When he is around her he does not feel depressed, but joyful. I certainly felt like talking to her [Phoebe] on the phone. Somebody with some sense and all. (Salinger, 66) When he feels lonely and wants to call someone, one of the people he always thinks of calling is Phoebe. He feels very close to Phoebe, who actually listens to him. Phoebe is a very smart girl, whom Holden enjoys talking to. He thinks of Phoebe as his equal; someone that he can share things with and talk to, without feeling like he is talking to a phony. Another reason Phoebe is important to Holden is the fact that both love each other.

She [Phoebe] likes me a lot. I mean shes quite fond of me. She really is. (Salinger, 159) Throughout the novel Holden is having trouble finding someone that truly feels for him and loves him, but Phoebe is the only person that not only understands, but loves him as much as he loves her and cares about him. Holden pictures Phoebe different than who she really is. He thinks that Phoebe is a sweet, innocent little child that has not yet been ruined by the phoniness of the world. Phoebes childhood is everything Holden wishes to have; nothing to worry about and feeling happy all the time.
However, he realizes that Phoebes childhood is much different than he had pictured it. Phoebe is more mature and has a better understanding of the world. Oh, why did you do it? She meant why did I get the ax again. It made me sort of sad, the way she said it. (Salinger, 166) Instead of sympathizing with him and making him feel better, she made even more depressed. Phoebe understands that the fact that Holden has been expelled from school, not only once, but many time, is because Holden does not want to grow up. Phoebe wants Holden to realize that he needs to grow up.

To Holden, the adult world is a place he wishes to stay away from. In a way, Holden is lost between childhood and adulthood. He is afraid to enter the cruel world of adult hypocrisy. Phoebe, however, knows that growing up is an important process. Phoebe challenges Holdens view of the world. She asks him what he wants to be when he grows up. Im standing on the edge of some crazy cliff I have to catch everybody if they start to go over the cliffI mean if theyre running and they dont look where theyre going I have to come out from somewhere and catch themId just be the catcher in the rye and all.
His response to Phoebes question reveals his fantasy of idealistic childhood and of his role as the protector of innocence. This fantasy of becoming the catcher in the rye shows his childish side, that he is having trouble seeing the world any other way. Phoebe response to Holdens dream is Daddys going to kill you. (Salinger, 173) She sees it as a crazy, unrealistic idea. She, also, knows that he would never go anywhere with it because the innocent kids that he wants to protect have to grow up and become adults just like everyone else. Through Phoebe, the reader can understand Holden better.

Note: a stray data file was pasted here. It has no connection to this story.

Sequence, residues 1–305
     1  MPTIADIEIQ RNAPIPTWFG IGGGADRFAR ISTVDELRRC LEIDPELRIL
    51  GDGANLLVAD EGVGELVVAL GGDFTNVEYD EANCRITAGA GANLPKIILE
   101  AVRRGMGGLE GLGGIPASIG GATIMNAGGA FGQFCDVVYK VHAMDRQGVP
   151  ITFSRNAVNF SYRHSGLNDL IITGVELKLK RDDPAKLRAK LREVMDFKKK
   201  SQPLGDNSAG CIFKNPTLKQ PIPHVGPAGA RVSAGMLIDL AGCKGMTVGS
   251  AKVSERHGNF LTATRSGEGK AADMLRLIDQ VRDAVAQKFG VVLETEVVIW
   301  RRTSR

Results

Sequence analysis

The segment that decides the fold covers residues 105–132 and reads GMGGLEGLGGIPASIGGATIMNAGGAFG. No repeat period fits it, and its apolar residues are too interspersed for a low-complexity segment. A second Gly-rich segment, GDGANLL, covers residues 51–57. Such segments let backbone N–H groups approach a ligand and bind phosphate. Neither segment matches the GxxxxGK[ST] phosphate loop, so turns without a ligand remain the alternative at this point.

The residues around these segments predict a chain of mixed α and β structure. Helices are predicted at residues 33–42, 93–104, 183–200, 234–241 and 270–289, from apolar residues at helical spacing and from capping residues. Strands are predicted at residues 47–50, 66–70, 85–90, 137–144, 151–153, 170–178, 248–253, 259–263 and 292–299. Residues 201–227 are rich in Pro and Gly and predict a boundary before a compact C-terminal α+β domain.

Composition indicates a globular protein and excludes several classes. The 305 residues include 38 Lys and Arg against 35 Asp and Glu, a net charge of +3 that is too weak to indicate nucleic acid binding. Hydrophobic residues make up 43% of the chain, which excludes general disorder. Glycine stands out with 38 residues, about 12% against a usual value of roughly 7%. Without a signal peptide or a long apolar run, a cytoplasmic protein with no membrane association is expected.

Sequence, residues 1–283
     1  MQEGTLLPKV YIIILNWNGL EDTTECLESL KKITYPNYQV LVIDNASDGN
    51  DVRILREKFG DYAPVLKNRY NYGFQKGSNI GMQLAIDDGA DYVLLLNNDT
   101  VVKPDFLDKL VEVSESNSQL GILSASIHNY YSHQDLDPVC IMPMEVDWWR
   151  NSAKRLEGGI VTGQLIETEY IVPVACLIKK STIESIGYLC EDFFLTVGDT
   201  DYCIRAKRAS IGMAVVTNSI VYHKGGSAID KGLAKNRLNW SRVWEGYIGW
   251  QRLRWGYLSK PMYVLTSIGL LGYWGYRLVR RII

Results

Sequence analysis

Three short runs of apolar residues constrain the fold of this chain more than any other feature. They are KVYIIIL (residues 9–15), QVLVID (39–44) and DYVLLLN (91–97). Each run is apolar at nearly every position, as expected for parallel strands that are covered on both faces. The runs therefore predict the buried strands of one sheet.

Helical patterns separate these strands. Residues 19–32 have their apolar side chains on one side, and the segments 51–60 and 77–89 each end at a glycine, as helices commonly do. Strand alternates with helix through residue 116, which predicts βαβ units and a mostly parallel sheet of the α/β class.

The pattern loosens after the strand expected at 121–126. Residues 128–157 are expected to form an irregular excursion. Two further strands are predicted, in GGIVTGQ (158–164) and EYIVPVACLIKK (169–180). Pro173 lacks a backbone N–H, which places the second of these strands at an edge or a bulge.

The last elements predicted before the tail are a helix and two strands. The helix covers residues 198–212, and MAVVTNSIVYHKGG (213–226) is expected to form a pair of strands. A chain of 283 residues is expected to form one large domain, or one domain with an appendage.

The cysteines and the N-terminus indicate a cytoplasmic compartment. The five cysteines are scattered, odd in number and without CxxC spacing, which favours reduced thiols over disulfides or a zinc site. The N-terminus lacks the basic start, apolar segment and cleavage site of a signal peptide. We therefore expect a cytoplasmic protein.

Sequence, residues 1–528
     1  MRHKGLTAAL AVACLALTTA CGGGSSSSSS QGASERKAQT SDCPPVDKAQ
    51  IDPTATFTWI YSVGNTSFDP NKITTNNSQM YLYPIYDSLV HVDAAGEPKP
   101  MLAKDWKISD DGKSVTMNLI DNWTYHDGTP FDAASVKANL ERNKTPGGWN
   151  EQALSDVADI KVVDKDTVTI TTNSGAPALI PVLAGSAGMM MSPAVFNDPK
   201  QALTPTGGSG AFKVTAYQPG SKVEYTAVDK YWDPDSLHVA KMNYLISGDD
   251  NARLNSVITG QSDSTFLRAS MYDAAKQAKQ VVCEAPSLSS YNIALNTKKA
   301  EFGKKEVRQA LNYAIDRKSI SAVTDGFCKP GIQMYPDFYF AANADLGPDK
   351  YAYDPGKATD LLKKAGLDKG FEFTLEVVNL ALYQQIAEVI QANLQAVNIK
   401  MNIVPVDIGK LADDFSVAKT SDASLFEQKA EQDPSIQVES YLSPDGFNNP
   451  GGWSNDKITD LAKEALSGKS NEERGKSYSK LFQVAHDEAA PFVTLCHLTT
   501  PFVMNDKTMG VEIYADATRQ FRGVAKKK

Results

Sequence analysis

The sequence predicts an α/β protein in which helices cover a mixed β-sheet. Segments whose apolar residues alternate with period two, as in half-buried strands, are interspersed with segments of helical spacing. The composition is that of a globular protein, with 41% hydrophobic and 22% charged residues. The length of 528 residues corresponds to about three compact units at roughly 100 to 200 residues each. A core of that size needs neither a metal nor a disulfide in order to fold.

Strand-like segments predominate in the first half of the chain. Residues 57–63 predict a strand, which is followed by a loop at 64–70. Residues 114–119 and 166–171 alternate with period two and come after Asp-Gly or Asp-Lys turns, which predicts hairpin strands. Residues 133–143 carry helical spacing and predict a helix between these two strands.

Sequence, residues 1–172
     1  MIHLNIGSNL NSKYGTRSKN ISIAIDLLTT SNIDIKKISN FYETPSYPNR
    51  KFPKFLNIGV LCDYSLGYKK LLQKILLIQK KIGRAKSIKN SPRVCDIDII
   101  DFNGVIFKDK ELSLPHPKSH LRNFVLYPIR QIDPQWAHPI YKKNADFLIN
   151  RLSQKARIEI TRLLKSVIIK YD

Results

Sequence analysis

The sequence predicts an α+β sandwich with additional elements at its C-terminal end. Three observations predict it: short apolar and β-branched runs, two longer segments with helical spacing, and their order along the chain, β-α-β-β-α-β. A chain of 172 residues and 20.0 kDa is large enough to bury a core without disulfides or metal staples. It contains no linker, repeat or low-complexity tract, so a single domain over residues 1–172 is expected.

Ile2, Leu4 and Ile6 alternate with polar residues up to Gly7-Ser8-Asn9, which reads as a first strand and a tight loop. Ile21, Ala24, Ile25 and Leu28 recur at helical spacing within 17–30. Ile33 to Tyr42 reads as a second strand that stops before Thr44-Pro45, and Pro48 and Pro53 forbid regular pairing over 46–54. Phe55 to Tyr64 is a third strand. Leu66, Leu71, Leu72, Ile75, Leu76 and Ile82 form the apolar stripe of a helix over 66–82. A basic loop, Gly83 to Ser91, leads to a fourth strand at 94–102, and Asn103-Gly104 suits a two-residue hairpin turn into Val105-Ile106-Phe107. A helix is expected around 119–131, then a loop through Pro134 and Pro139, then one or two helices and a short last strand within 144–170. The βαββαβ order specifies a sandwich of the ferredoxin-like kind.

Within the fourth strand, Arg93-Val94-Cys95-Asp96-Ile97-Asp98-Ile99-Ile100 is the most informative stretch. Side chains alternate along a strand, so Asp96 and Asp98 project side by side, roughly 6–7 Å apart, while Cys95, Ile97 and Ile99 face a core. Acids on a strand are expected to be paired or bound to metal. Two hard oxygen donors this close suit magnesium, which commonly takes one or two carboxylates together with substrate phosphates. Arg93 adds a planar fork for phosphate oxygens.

In the first half of the novel, the reader hears Holdens side of the story, which is how the adult world is killing him. Holden blames the adults for his depression and loneliness. He believes that he is the only noble person in the world. Next to Phoebe, Holdens maturity and stubborn outlook seem less charming and more foolish. You dont like anything thats happeningyou dont like any schools. You dont like a million things. You dont (Salinger, 169) Holden couldnt think of one actual thing that he liked. This quote proves that Holden, not the adult world, is the cause of his depression, thus making him his own worse enemy.
He cannot find anything good in anybody or anything, and even if he does, he still has something bad to say about them. Phoebe is the first and the only important character that explains Holdens real character and the problems that he has brought upon himself. However, it can be argued that Mr. Antolini is the person who introduces the reader to the fact that Holden is his own worse enemy, but it is through Phoebe, who knows Holden the best, that one first realizes that Holden has been dumb and childish and has brought all this problems upon himself.

Phoebes relationship with Holden is one of the most important relationships in the novel. Holdens love for Phoebe gives him energy him when he feels lonely and unhappy. Phoebe makes Holdens picture of childhoodof children romping though a field of ryeseem oversimplified. Phoebe seems to realize that Holdens bitterness toward the rest of the world is really bitterness toward himself. She sees that he is a deeply sad insecure young man who needs love and support. At the end of the book, when she shows up at the museum and demands to come with him, she seems not so much to Holden as to understand that he needs her.

Phoebe Catcher in the Rye